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Thursday, August 23, 2007

Big Changes in Civil Procedure: Part I

Two big things are happening in the civil procedure teaching world right now: the restyled rules and the shrinking civil procedure course. There has been a very good discussion on the civpro listserv about these issues in the last couple of days and I think the issues are worth sharing with the wider community.  In this post, I’ll concentrate on the new rules.

The new “restyled” Federal Rules of Civil Procedure will almost certainly be coming into effect December 1. For those of you that don’t follow the FRCP, nearly every rule has been rewritten for clarity and style. The changes are supposed to be merely stylistic, but of course there is a debate about whether this is in fact the case. Edward Hartnett has written a nice essay arguing meaning has been changed by the style revisions and advocating that the changes be rejected.  Personally, I think that the new rules are easier to grasp and make nice use of bullet points (seriously, look at the rules and you'll see what I mean).   

The question for teaching the subject is how to teach the rules now that they are in flux.  It is pretty rare that an entire subject matter changes (only Bankruptcy comes to mind a course that has experienced such wholesale change in the recent past).  Lawyers and judges, intimately familiar with the old rules and about to begin interpreting the restyled rules, are going to use the old rules and the interpretations that have grown around them to interpret the new rules. They must, since the new rules specifically state that they were not meant to change the meaning of the old rules. Or is this point also debatable? The new rules will have superseded the old rules, after all.  In any event, this issue militates in favor of teaching both the old and the restyled, side by side, at least while the interpretation of the restyled rules is in flux. Just as the ancient forms of pleading used to be taught in civ pro and have slowly been edged out.  If the point of the restyling was to simplify matters, it is clear it hasn’t done that – at least for law professors and students.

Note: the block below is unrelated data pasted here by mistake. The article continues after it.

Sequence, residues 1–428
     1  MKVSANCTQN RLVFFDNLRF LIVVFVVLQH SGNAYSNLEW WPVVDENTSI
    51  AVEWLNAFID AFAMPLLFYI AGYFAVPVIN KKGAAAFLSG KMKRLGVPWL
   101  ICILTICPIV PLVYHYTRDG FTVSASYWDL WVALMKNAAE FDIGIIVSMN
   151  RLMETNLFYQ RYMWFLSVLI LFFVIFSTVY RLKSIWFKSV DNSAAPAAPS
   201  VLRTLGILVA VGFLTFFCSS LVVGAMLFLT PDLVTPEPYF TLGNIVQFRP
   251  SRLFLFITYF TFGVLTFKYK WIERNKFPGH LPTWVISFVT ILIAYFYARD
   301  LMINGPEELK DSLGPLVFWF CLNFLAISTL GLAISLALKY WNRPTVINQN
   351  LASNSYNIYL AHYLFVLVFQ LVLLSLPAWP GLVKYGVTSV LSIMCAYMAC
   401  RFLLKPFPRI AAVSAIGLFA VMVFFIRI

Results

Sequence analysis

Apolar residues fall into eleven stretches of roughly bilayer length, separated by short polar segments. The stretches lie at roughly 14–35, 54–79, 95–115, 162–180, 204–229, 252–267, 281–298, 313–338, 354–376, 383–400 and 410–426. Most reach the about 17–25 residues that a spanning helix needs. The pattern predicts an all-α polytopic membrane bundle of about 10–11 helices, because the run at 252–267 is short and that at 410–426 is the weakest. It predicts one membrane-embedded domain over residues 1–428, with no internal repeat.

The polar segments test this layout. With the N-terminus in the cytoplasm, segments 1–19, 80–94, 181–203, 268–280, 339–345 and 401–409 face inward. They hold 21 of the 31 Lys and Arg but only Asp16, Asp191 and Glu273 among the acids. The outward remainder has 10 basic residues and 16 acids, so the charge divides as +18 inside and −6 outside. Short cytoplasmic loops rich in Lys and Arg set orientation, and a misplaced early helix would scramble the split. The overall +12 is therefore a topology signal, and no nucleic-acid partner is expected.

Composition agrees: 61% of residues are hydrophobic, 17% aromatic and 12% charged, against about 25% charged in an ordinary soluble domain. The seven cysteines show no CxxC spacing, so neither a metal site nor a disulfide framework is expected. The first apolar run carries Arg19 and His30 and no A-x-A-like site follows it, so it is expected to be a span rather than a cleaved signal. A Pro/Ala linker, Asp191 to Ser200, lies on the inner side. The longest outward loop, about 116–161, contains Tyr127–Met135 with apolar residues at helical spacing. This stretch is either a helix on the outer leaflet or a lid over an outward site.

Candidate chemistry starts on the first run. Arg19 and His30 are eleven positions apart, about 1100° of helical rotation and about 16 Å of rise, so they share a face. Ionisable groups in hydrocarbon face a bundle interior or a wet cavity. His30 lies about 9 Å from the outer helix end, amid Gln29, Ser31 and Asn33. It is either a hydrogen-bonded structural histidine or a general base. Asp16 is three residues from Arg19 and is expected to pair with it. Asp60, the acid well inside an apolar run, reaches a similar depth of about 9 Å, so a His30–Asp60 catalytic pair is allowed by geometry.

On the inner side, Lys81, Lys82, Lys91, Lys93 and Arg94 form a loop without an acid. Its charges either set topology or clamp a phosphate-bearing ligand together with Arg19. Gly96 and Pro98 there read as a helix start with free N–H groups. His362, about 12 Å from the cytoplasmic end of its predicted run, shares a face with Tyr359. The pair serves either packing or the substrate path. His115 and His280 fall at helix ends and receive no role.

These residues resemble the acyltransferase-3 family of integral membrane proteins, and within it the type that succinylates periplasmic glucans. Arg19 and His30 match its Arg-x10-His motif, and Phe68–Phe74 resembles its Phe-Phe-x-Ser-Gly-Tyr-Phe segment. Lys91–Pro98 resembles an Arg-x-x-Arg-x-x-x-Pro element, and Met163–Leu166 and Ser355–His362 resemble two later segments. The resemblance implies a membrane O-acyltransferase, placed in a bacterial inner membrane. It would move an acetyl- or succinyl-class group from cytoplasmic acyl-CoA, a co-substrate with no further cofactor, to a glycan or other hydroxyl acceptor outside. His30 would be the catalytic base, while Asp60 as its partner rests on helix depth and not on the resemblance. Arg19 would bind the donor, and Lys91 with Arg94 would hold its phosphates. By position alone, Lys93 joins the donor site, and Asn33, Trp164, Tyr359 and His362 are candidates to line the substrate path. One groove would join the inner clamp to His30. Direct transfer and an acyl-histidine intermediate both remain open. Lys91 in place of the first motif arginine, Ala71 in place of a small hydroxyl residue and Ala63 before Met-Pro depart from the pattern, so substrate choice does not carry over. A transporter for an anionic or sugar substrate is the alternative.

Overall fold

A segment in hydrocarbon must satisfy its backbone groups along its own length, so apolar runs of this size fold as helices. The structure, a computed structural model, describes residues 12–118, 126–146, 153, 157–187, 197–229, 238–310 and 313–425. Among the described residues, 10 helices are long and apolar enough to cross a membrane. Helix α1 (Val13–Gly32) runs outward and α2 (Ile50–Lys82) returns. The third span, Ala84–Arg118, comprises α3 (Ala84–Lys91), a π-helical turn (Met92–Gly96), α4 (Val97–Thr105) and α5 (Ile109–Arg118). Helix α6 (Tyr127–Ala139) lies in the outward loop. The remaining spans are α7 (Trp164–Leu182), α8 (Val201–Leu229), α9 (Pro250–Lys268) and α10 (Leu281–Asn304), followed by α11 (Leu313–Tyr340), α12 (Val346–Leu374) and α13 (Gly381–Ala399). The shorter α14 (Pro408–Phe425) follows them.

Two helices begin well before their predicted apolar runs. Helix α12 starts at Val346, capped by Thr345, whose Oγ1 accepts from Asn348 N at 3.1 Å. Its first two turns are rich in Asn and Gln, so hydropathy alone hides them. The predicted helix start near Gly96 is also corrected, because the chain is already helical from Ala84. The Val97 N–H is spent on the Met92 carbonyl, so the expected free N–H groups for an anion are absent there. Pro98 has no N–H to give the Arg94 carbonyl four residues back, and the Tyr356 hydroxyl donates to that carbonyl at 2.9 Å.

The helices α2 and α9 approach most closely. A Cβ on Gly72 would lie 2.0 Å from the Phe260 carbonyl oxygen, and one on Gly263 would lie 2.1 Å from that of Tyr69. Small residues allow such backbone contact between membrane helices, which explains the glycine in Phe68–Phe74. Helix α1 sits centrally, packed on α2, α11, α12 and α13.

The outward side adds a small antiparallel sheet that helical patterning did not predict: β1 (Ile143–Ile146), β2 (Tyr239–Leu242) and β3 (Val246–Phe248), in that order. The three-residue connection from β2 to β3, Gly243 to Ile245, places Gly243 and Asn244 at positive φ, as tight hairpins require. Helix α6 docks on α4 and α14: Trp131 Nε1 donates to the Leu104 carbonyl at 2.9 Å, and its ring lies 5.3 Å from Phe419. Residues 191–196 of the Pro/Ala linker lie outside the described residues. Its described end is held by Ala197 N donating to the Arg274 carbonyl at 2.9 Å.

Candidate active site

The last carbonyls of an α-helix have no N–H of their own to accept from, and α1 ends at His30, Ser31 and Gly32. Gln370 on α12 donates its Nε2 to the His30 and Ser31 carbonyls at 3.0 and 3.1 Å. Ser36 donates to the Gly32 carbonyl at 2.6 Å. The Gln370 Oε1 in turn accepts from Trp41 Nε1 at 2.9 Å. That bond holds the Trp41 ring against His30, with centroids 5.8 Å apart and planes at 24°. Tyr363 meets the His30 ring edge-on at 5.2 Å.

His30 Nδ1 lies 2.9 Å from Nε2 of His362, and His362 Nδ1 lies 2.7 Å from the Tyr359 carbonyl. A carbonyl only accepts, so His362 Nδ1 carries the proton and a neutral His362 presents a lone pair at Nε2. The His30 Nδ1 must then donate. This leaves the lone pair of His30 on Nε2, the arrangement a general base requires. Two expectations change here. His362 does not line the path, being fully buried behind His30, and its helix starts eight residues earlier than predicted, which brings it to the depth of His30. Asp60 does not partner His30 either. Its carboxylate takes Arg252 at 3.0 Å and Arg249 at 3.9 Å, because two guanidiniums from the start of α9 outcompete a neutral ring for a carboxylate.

On the plus side, as an astute professor wrote on the civpro listserv yesterday, the interaction between the rules offers a great opportunity to show students interested only in “learning the rules” that there is a lot more to law school than that. For me as a teacher, that is the real benefit of restyling.    I've found that one of the main tasks of teaching civil procedure has been to communicate to my students that skills (close reading, argumentation, reasoning, etc.) and basic background knowledge (values, history, theories of interpretation, types of arguments)  is much more important than the ability to memorize a set of rules.   Initially students often prefer a course where there is a "right answer" that they can simply learn, and they find it frustrating that it is not the answer that matters but the process that got you there.  I'm looking forward to have a concrete illustration of this point in the restyling process to use in my teaching.

You can download the restyled rules here or look at any FRCP supplement published in 2007, both sets should be in there.

Posted by Alexandra Lahav on August 23, 2007 at 11:31 AM | Permalink


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I understood the differences; just pointing out an analogy that might be useful.

Posted by: Ethan Leib | Aug 23, 2007 10:25:31 PM

Ethan, the difference here is that the entire set of rules has changed. In an ordinary year, you'll have a few rules tweaked. Once in a while you'll have a major revision to a rule that's worth discussing, the revisions of Rule 11 in 1993 or the new E-Discovery rules, for example. But this is the first time since the Rules were adopted that there has been a wholesale attempt to rationalize the language. So civil procedure professors must teach the new rules because we are teaching the rules of a uniform federal system. Now if we taught state civ pro, that might be a different story.

Posted by: Alexandra Lahav | Aug 23, 2007 8:51:00 PM

Interesting post. Do you have a link to the new rules? I haven't seen them (but then I don't do any civil law).

Posted by: Orin Kerr | Aug 23, 2007 6:23:53 PM

Contracts professors have been dealing with this problem for some time, since the UCC seems constantly under revision and constantly staying th the same. Although some of the broadest changes proposed to Art II don't seem to be getting much traction, things are changing in Art I and casebooks aren't updated often enough to reflect the changes. It makes life a bit difficult so I just issue disclaimers -- just as I always have to say that the actual law in the jurisdiction in which you practice may differ (on moral consideration, cohabitation contracts, prenups, parol evidence, etc.).

Posted by: Ethan Leib | Aug 23, 2007 12:25:42 PM

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